posted by egypturnash at 4:32 PM on March 18 [12 favorites]

I tried to read the latest Honor Harrington and couldn't get past the first few pages. The treecats are alright but the only books I liked were in the Crown of Slaves series and those were unmistakably Eric Flint.
posted by Botanizer at 5:47 PM on March 18

Oops, wrong thread, sorry.
posted by SecretAgentSockpuppet at 7:33 PM on March 18

I am so confused by this. I tried reading the thing linked to and I couldn't get through a paragraph or two without feeling like I was being as put upon by the tedium of his prose as was the protagonist pizza maker by his customer. Based on the comments here, the author is apparently some kind of right wing libertarian with an axe to grind, which he grinds through writing sci-fi that he thinks is very clever and funny but really isn't and yet some folks find his stuff a guilty pleasure . . . I'm all for people liking what they like (so long as it does no harm to others) but I feel like I'm really missing some context here.
posted by treepour at 7:35 PM on March 18

I couldn't get through a paragraph or two without feeling like I was being as put upon by the tedium of his prose

The tedium of the prose was the primary target of the parody. Weber has several axes to grind, which he grinds through writing sci-fi with even more (and worse) big infodumps than you might otherwise expect from a passing acquaintance with written SF.
posted by GCU Sweet and Full of Grace at 9:12 PM on March 18

Was this originally an Usenet parody post of Weber? Because I swore I read this ages ago.

As a parody it's alright, but once you figure out the trick in a couple or so paragraphs it's just pointless, which to be honest is the case with most of these things. Nice idea, don't bother with the execution.

David Weber's Honor Harrington is a great turn your brain off, roll your eyes at the terrible, terrible but fortunately not nazi politics and enjoy the detailed descriptions of the 512,123 missiles interactions with the 613,498 counter missiles fired at them.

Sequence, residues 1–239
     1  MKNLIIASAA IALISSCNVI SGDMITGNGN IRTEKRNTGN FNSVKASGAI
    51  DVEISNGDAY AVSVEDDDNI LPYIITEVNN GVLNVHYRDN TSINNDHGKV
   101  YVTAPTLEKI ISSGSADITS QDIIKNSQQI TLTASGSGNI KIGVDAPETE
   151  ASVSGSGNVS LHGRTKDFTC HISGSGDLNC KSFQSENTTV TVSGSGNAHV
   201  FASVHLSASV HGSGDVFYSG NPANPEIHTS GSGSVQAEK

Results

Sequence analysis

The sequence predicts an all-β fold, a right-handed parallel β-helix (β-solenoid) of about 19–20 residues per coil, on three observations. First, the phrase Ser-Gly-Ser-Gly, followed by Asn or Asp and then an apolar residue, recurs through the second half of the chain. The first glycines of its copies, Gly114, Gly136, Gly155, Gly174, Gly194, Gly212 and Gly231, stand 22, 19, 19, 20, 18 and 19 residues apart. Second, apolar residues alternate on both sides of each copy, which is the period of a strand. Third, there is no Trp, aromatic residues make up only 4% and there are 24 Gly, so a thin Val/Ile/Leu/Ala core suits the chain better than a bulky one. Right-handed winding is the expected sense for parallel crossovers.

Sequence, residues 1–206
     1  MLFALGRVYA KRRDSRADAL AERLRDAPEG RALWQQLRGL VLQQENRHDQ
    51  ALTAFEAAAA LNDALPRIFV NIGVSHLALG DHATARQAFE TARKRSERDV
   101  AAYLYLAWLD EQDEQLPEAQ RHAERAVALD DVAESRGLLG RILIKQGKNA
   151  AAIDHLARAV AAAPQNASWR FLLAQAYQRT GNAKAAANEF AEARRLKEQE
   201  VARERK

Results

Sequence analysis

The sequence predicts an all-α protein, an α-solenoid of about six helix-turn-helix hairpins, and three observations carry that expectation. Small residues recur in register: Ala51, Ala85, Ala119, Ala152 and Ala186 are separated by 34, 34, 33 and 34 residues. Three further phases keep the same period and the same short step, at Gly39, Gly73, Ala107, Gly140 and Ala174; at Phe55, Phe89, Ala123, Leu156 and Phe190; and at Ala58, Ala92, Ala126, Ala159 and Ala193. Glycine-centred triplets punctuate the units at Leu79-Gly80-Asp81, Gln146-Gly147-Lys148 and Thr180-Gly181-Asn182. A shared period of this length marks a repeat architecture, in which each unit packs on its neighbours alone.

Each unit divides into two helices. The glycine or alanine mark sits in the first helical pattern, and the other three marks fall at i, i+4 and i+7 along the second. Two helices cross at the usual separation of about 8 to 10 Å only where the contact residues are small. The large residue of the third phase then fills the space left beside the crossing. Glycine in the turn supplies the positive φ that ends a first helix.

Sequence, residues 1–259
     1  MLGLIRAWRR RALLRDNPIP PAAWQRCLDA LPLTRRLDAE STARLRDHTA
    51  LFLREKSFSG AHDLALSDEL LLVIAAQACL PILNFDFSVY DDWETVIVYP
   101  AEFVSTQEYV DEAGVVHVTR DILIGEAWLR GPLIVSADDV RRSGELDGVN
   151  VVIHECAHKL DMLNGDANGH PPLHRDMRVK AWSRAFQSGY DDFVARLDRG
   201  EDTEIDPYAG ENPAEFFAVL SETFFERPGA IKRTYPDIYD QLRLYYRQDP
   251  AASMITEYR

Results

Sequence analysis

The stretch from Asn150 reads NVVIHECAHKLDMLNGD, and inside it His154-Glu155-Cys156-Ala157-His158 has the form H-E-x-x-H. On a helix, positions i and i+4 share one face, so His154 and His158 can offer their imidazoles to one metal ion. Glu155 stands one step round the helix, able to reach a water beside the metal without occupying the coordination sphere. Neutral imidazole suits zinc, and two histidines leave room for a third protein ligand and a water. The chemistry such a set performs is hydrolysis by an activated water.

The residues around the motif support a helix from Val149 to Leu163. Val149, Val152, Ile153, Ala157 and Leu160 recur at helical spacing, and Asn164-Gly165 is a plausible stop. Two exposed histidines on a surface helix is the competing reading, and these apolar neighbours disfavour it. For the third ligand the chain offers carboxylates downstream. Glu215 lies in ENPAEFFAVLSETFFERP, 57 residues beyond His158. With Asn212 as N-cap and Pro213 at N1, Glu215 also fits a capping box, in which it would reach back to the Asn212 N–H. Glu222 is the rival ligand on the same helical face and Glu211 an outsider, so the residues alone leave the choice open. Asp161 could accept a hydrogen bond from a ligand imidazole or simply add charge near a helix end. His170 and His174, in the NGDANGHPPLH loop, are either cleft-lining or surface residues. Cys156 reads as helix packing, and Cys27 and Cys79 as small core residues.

That to me is the draw of the series and others like that, all that incredibly clumsy world building, exposition and storytelling, which is what the parody doesn't actually get right.
posted by MartinWisse at 10:21 AM on March 19

Though after finishing the 4th Harrington book last night, I gotta say: while Weber's portrayal of the titular protagonist's inner monologue may be …clunky, the inner monologue of the villain in that particular book—who's basically the hate-spewing embodiment of what we'd now call "toxic masculinity" and sexist privilege—is, uh, no issues with plausibility there. I mean, painful to read for how closely it nails the ragey-incel mindset. And it was published in 1994.

I'm not implying anything about Weber personally; obviously I don't know him, and I have no real reason to think (whatever one thinks of his politics) he's not a perfectly decent human being or anything. He doesn't write the villain in a way that would cause the reader to sympathize or anything, either; it's not an antihero-as-dogwhistle-hero thing. But it's a big gear-change when there's a hard cut from Harrington's perspective (Harrington is, true to the books' origins as a homage to C.S. Forester, basically the personification of Duty and Competence) to the bad guy's, because the relative plausibility and realism is so different. Whether that's because, as a white dude, envisioning the inner monologue of a Shitty White Dude just isn't that far a cognitive reach, or whether he's just good at writing villains, I'm not sure.
posted by Kadin2048 at 11:03 AM on March 19 [2 favorites]

At first I couldn't quite remember who David Weber was, but as soon as I started reading I knew immediately.

Also, having only read a couple of things by him, I had thought that the neo-monarchist, anti-liberal stuff was somewhat tongue-in-cheek. Apparently not.

And while I have never been a Pizza Maker Second Class, I have been a Grillman's Mate First Class, so I do know a thing or two about what it is like to labor in the infernal heat of "back-of-house," as the kitchen-areas of many American restaurants are often called.
posted by TheWhiteSkull at 11:31 AM on March 19

If you want to read David Weber at his worst, Out of the Dark is a 'great' example.
posted by Marticus at 3:13 PM on March 19